But in Australia, one of the country’s top intelligence chiefs warned instead that China was intent on establishing “global pre-eminence” and that its “troubling” strategic convergence with Russia would pose new threats to liberal democracies.
When Australian Prime Minister Scott Morrison spoke about this possible new world order, he said: “A new arc of autocracy is instinctively aligning to challenge and reset the world order in their own image.”
In that speech, he also unveiled plans to build a submarine base on the country’s east coast to support its future nuclear-powered submarines. The cost: More than A$10 billion (S$9.57 billion).
To some, the announcement marked an acceleration of the 18-month evaluation process that was launched following the Aukus agreement signed last September for the US and Britain to assist Australia in acquiring nuclear-powered submarines.
To China, said Foreign Ministry spokesperson Zhao Lijian a week after the announcement, the Aukus co-operation could “create nuclear proliferation risks and shocks to the international non-proliferation system, induce a new … arms race, and undermine regional prosperity and stability”.
Australia is a signatory to the Nuclear Non-Proliferation Treaty and party to the South Pacific Nuclear Free Zone Treaty.
The country has “benefited hugely from this”, noted Victor Gao, vice-president of the Beijing-based Centre for China and Globalisation. But the Australian government “wants to deprive the Australian people of their rare privilege of living in this bubble”, he said.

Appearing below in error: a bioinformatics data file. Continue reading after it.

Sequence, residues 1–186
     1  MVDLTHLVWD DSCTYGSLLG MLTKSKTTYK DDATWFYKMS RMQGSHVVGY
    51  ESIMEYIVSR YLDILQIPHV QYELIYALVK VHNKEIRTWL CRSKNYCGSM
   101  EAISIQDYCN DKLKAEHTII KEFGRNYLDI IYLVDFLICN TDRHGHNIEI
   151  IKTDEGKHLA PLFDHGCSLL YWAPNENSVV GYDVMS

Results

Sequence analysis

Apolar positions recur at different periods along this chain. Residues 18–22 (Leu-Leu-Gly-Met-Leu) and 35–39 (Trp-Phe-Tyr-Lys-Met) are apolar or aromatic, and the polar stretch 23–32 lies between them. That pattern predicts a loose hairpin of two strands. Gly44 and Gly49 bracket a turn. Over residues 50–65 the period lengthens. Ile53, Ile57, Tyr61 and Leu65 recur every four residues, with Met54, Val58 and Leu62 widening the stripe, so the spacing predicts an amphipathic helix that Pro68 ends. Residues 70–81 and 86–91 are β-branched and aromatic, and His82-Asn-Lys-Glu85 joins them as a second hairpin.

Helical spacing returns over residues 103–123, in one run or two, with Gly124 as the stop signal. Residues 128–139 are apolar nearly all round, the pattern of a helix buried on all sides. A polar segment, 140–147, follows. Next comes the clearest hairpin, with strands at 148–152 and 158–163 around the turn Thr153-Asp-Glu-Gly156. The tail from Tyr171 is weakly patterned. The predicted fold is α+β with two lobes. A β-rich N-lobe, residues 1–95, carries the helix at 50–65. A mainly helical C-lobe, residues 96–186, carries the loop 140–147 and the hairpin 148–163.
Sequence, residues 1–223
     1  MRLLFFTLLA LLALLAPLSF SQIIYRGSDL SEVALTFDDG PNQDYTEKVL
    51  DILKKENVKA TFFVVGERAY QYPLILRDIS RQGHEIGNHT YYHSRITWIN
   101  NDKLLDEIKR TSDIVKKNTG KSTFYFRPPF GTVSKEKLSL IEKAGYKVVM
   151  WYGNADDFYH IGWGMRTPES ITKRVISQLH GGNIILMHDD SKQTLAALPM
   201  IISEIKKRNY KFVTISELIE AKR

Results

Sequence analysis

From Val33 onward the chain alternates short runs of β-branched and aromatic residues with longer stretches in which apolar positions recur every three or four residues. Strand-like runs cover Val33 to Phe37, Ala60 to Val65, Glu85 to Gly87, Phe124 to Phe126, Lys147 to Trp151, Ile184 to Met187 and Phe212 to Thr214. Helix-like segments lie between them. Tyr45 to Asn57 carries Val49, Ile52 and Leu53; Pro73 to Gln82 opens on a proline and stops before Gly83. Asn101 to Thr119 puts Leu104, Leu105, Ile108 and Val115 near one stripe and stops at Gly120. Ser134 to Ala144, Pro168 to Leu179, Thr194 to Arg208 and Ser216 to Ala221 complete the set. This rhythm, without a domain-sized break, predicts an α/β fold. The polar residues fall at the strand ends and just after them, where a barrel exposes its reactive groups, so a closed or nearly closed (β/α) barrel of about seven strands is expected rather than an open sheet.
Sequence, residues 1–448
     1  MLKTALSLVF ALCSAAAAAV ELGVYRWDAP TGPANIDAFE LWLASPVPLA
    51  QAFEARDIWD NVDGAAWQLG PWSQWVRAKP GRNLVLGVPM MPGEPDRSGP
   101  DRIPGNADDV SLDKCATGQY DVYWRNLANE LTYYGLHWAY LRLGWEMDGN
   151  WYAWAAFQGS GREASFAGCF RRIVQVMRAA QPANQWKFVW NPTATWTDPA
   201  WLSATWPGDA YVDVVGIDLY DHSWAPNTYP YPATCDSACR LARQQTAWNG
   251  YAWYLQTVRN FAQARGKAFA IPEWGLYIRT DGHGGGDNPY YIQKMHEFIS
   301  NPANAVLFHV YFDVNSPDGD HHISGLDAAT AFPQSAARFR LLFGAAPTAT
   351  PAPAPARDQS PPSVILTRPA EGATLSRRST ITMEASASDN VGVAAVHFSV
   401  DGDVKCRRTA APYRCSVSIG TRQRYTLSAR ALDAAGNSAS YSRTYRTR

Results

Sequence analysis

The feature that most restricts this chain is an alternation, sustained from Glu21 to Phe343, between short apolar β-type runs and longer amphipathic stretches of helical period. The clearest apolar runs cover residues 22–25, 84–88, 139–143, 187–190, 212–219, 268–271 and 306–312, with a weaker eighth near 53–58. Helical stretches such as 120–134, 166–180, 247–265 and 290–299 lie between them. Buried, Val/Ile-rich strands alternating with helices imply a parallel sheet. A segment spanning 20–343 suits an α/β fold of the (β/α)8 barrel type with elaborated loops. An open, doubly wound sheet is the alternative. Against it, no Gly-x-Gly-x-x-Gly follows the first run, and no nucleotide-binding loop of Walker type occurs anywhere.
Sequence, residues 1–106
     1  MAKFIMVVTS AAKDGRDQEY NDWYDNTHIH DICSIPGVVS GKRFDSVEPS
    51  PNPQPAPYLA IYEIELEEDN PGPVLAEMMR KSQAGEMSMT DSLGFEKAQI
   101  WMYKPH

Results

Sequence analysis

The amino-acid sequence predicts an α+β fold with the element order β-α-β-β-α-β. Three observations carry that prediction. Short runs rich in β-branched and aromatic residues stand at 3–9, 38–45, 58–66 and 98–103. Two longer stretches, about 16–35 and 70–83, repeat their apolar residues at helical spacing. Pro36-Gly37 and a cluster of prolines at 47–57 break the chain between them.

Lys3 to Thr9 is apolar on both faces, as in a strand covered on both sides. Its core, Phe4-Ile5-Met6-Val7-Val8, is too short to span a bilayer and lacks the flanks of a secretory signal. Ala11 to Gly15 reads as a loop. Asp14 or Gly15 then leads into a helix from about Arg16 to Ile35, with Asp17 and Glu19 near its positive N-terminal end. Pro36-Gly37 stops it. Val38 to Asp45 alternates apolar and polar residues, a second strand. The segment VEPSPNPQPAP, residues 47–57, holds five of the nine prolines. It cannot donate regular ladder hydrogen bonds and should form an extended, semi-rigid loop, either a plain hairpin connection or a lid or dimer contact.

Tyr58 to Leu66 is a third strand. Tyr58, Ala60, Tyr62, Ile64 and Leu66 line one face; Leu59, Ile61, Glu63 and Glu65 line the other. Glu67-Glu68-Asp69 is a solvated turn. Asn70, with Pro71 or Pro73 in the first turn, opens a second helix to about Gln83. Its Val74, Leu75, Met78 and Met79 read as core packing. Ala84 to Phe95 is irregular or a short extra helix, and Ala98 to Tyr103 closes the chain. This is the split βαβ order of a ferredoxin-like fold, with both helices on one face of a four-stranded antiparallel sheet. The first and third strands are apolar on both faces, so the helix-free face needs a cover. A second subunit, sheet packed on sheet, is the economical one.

“This is dangerous for the Australian people as well as for countries and peoples in our part of the world.”
But Charles Edel, the Australia chair at the Washington-based Centre for Strategic and International Studies (CSIS), said setting up a nuclear-propelled submarine fleet is not a “gateway” to nuclear weapons and that the Aukus partners “won’t continue if it is”.
He noted that Aukus has “broad bipartisan support” in Australia, a country where 84 per cent of its people do not trust China to act responsibly in the world, according to the latest annual poll by think-tank Lowy Institute.
And as China continues to build up its military forces, “what’s happened in the South China Sea hasn’t stayed in the South China Sea”.
“They’ve continued to push outward and further down … We’ve seen multiple attempts by the Chinese to do a similar spate of building (projects) that they conduct in the South China Sea in the South Pacific,” he cited.
“We’ve seen discussions … about whether or not there’d be a dual-use military-commercial base in Papua New Guinea, in Vanuatu and even just this past month in the Solomon Islands. All of these are much closer to Australia.”
To better protect security in the region, countries should rather focus on “developing patterns of co-operation and interdependence”, said Mahbubani, who spearheads the National University of Singapore’s Asian Peace Programme.
He cited the Regional Comprehensive Economic Partnership — the world’s largest free trade deal — which entered into force in January and counts Australia and China among its members. “Submarines are stealthy, but trade agreements are stealthier,” he said.
What is “somewhat of a mystery” to Mahbubani is the Quad, comprising Australia, India, Japan and the US.
“The four countries deny that it’s aimed against China. But the perception is that it’s against China,” he noted. “It creates this rather strange situation.